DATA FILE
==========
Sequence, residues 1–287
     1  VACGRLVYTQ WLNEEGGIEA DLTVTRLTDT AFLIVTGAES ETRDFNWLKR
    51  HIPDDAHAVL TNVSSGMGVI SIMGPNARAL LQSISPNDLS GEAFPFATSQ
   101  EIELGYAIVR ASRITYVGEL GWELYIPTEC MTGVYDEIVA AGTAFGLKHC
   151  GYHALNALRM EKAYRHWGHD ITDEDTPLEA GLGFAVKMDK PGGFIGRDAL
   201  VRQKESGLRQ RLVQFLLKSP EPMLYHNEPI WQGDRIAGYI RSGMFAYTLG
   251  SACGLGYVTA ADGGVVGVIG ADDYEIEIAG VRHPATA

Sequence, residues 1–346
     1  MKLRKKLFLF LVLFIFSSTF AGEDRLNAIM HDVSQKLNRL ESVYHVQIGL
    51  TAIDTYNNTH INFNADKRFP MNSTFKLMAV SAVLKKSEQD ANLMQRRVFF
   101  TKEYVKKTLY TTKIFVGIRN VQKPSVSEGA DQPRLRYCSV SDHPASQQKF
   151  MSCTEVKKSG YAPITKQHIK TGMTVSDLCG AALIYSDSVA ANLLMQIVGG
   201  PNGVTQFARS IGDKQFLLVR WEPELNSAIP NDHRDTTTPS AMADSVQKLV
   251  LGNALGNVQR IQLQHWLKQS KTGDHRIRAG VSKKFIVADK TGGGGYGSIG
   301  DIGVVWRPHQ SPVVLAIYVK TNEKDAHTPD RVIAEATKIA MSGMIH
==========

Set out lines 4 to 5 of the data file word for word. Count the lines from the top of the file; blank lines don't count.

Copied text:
   101  EIELGYAIVR ASRITYVGEL GWELYIPTEC MTGVYDEIVA AGTAFGLKHC
   151  GYHALNALRM EKAYRHWGHD ITDEDTPLEA GLGFAVKMDK PGGFIGRDAL